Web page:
Citing Fashion’s Impossible Demands, Mara Hoffman Shutters Her Label

In an open letter published to her brand’s Instagram account, the defining name of sustainable womenswear in America revealed that her Spring 2024 collection will be her last, closing up shop just months after winning the CFDA’s Environmental Sustainability Award.

Credit (all images): Courtesy of Mara Hoffman

Last September, during New York Fashion Week, the New York Times got the industry talking with a feature that asked: “Should Making it in Fashion be This Hard?” The story detailed the struggles of Elena Velez, one of fashion’s up-and-coming “it” designers. With a CFDA Emerging Designer Award to her name, a celebrity roster including Rosalía, Solange, and Julia Fox, and a captivating runway show that jolted beleaguered editors from fashion week ennui, Velez seemed to have crossed the threshold from “making it” to “made it.” Yet on the day of her Times interview, a $400 order brought Velez’s checking account from a -$30 balance to $370. In fashion, even with all the right power players on the designer’s side, the industry itself can seem to conspire against all efforts to cultivate a path to sustainable growth.

On Sunday, Mara Hoffman, who has spent the past 24 years paving the way for environmentally sustainable fashion, announced that industry forces had come crashing in on her own reality and that she would close up shop. Far from an up-and-comer, Hoffman has been a symbol of fearless ingenuity in the face of an industry that forces independent makers to operate on a basis of hairline margins, overproduction, and exploitative labor. For her label’s entire lifetime, she’s shunned outside investment. Beginning in 2014, she added petrochemical fibers like polyester to the list, which eventually grew to include wholesale retailing and its inherent overproduction, as well as supply chain practices that precluded Fair Trade certification.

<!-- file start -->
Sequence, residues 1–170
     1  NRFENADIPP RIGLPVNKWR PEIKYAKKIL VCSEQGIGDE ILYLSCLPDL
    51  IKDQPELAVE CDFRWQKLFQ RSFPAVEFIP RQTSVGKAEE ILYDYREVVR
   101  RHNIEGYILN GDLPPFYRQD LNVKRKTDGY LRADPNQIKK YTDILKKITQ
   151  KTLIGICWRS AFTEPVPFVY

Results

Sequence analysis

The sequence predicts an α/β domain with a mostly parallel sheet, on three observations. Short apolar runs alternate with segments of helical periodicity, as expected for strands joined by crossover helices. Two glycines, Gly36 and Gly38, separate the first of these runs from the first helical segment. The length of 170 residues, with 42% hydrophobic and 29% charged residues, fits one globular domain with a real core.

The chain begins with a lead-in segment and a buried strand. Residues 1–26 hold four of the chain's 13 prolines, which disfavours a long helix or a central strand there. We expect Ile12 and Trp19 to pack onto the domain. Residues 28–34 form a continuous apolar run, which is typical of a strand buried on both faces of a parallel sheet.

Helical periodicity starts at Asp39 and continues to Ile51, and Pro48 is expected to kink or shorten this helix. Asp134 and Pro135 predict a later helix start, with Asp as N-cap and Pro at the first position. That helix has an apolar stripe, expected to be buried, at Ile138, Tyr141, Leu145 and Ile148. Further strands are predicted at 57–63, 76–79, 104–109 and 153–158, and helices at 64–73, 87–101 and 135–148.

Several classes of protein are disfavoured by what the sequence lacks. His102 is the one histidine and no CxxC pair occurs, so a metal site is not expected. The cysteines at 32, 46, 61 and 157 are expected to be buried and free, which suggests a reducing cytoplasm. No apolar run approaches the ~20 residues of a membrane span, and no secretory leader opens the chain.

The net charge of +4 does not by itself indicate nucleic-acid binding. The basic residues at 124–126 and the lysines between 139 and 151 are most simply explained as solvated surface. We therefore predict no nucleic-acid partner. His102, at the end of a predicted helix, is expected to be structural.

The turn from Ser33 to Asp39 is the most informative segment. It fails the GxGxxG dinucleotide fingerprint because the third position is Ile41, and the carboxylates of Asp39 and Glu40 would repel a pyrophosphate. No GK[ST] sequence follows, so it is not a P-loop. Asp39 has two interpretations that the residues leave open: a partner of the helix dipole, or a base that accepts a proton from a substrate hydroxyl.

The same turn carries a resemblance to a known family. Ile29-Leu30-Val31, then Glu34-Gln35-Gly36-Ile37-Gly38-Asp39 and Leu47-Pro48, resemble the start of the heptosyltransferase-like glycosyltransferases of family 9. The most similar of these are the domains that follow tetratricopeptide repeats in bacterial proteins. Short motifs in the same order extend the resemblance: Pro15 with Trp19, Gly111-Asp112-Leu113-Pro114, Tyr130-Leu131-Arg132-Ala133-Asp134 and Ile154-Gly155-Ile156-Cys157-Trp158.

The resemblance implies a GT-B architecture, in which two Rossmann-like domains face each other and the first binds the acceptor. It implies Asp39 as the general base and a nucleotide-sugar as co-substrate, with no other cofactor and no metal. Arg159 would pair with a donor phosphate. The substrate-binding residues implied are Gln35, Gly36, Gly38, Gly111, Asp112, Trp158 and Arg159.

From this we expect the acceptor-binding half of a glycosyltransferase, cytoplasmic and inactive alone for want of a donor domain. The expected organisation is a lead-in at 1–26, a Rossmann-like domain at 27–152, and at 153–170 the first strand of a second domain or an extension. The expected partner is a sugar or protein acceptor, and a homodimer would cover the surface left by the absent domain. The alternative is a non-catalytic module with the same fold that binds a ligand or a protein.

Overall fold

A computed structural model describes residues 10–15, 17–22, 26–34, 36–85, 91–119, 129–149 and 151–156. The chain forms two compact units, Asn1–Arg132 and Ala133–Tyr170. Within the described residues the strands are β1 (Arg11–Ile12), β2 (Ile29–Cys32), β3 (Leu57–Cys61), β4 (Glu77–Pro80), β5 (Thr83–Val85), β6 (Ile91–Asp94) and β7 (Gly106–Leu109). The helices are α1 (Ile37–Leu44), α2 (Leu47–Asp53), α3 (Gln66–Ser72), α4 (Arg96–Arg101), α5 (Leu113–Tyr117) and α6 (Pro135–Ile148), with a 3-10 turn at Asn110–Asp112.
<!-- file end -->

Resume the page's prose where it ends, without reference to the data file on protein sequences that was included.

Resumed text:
Soon enough, she was playing an active role in shaping legislation to reform the American fashion industry from its home base in New York, all the while educating her customer base on how to shop with their clothes’ longevity in mind. Six months ago, those efforts seemingly culminated in two major milestones for her: the CFDA Award and the release of her Nyssa dress. The first-of-its-kind garment was the result of a collaboration between Hoffman and textile company Circ, which had cracked the code on how to recycle fabrics made from blended fibers. The dress, made from recycled cotton and polyester, was infinitely recyclable with Circ’s process. “It… feels hopeful and signifies that people want to participate in this piece of history in the making,” she told Surface at the time.

So, what happened? A recent Vogue interview revealed that she mulled over the decision to “let go” for several years. In retrospect, the closing of the brand’s Hudson and Lafayette Street boutiques hinted that change, perhaps of great proportion, was in the air.

“For anyone in this industry, specifically within the sustainability movement, you are aware that it has been far from easy on so many levels,” Hoffman wrote in the letter posted to her Instagram on Sunday. “We have been fighting for what feels like a long time to make this vision and model work in an industry that I believe deep down in its heart wants to heal and become better. But at the end of the day, its structure is archaic and was never built to prioritize Earth and its inhabitants. It’s no secret that its ‘success’ is still bound to harm, unchecked growth and extraction in so many ways. Although I am choosing to redirect my participation, I remain hopeful that there is potential for positive change.”


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